WINCHESTER — When Katrina McClure became executive director of Winchester's nonprofit Sinclair Health Clinic in July 2019, she had no way of knowing that just eight months later, COVID-19 would compel her to re-evaluate all of the clinic's operations.

"She had an exceptionally clear vision for what she wanted," Jeff Stern, director of community engagement for Sinclair Health Clinic at 301 N. Cameron St., said on Tuesday.

As McClure figured out ways for her staff and volunteers to safely work with clients without catching the coronavirus, she decided to also review the clinic's long-standing procedures, starting with an evaluation of the enrollment process.

What she and her team discovered, Stern said, was that the nonprofit had gotten so bogged down by paperwork, bureaucracy and needless administrative practices that it sometimes took seven interactions before a new client could receive medical treatment or help with food and housing.

"We were like, why are we waiting [to provide help]?" Stern said. "If someone's hungry the day they come in to enroll, let's get them food that day. Let's hook them up with housing resources right away. Let's hook them up with transportation. Let's talk about whether they're in an abusive relationship and need to be moved someplace else."

Thanks to the way clinic officials streamlined the intake process — for one thing, staff is now extra diligent in ensuring new patients receive all the forms they need up front rather than making them come back repeatedly — it now only takes an average of two in-person or online interactions before a patient is fully enrolled, Stern said.

And McClure said the clinic doesn't wait for a client's third visit before it starts addressing his or her medical needs.

"As soon as people walk through the doors and talk to the first person they meet," she said, "we systematically go through and try to assess their food security and other pressing factors that influence their health and start addressing those right up front."

That's because Sinclair Health Clinic now strives to offer complete wellness solutions rather than simply treating illnesses and dispensing medications. If a patient is hungry because they can't afford food, McClure said, their dietary needs must be addressed before they can fully recover from whatever ailment or condition brought them to the clinic.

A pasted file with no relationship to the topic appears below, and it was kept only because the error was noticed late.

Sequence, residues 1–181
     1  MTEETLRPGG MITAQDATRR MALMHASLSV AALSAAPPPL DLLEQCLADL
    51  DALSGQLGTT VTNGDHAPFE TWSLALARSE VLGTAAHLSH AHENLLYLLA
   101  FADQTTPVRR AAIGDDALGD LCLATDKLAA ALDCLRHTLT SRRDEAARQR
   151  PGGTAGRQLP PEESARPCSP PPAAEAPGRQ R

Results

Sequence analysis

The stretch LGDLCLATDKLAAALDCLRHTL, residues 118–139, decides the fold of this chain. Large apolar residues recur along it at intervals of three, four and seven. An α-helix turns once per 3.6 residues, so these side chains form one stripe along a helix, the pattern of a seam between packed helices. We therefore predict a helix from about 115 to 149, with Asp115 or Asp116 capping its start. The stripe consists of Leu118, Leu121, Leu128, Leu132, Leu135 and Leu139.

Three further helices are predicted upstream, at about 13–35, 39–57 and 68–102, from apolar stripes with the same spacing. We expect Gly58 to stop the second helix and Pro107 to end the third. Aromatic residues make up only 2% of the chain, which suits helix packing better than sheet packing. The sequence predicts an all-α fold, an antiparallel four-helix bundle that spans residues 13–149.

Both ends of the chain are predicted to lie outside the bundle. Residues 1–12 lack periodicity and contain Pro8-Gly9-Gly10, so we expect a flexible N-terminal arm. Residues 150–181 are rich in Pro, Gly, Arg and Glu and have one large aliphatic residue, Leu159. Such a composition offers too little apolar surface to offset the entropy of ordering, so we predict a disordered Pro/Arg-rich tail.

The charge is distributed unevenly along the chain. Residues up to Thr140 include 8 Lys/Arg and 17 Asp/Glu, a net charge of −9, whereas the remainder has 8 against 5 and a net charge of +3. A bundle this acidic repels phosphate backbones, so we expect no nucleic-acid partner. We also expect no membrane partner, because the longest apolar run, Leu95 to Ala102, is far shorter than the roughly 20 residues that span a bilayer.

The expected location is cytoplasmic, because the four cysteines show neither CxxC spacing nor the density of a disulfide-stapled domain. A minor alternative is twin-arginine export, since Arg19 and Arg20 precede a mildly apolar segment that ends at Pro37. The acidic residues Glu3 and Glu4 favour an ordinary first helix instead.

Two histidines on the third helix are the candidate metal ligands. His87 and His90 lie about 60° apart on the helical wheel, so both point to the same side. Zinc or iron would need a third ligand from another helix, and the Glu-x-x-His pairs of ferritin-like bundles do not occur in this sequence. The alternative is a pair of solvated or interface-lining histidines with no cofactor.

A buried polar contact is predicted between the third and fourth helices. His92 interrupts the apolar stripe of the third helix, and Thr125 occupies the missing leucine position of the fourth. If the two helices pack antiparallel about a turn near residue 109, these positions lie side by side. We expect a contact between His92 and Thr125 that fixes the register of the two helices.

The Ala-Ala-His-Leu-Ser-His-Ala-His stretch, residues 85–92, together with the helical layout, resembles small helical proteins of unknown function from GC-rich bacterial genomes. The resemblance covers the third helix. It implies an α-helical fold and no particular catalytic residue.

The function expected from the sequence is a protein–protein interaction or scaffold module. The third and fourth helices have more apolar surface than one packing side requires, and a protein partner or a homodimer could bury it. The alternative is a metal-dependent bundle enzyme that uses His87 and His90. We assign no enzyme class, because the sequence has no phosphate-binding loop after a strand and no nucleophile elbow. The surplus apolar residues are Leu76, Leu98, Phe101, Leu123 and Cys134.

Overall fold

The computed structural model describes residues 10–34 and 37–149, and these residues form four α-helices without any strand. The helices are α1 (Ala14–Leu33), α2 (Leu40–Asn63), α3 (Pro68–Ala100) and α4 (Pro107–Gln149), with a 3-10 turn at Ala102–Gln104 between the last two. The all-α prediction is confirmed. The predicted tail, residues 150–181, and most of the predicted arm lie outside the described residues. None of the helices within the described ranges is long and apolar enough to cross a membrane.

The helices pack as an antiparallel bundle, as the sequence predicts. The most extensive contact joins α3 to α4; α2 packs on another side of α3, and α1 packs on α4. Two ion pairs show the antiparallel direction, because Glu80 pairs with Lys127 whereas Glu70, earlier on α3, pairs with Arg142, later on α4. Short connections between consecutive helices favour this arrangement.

Many of the clinic's patients do not speak English, which presents another barrier to their health care. McClure said her nonprofit has overcome that obstacle by bringing in bilingual staff members.

"You feel more comfortable talking to someone who speaks your language," she said.

Today, about 75% of clinic employees who deal directly with patients speak two or more languages, McClure said.

Other improvements at the clinic, some of which were made possible thanks to funding from the Virginia Health Care Foundation, include expanded prenatal services, group care so expectant mothers can better support each other and a revised layout of the offices, exam rooms and pharmacy so clients can be treated more efficiently.

"I want this to be a clinic where I would want my best friends and family to go and be taken care of from top to bottom," McClure said.

Sinclair Health Clinic emerged from the pandemic this year stronger than ever and with nearly 2,200 clients — a thousand more than when McClure was hired and the highest number since the nonprofit first launched in October 1986 as the Free Medical Clinic.

Moving forward, McClure said the clinic's 17 staffers and approximately 150 volunteers hope to offer limited pediatric care for children 12 and older while connecting with more low-income patients who could benefit from its services.

"The people who are here care deeply and profoundly about the mission," she said. "They could work anywhere but they have chosen to work here because they believe all people should have access to life-saving healthcare services."

Sinclair Health Clinic provides free or reduced-cost medical services to Virginia residents who are uninsured or on Medicaid and earn up to 300% of the federal poverty income levels — currently $13,590 per year for an individual and $27,750 per year for a family of four.

"A lot of people qualify," Stern said. "More than you think."

To learn more about Sinclair Health Clinic, visit

— Contact Brian Brehm at

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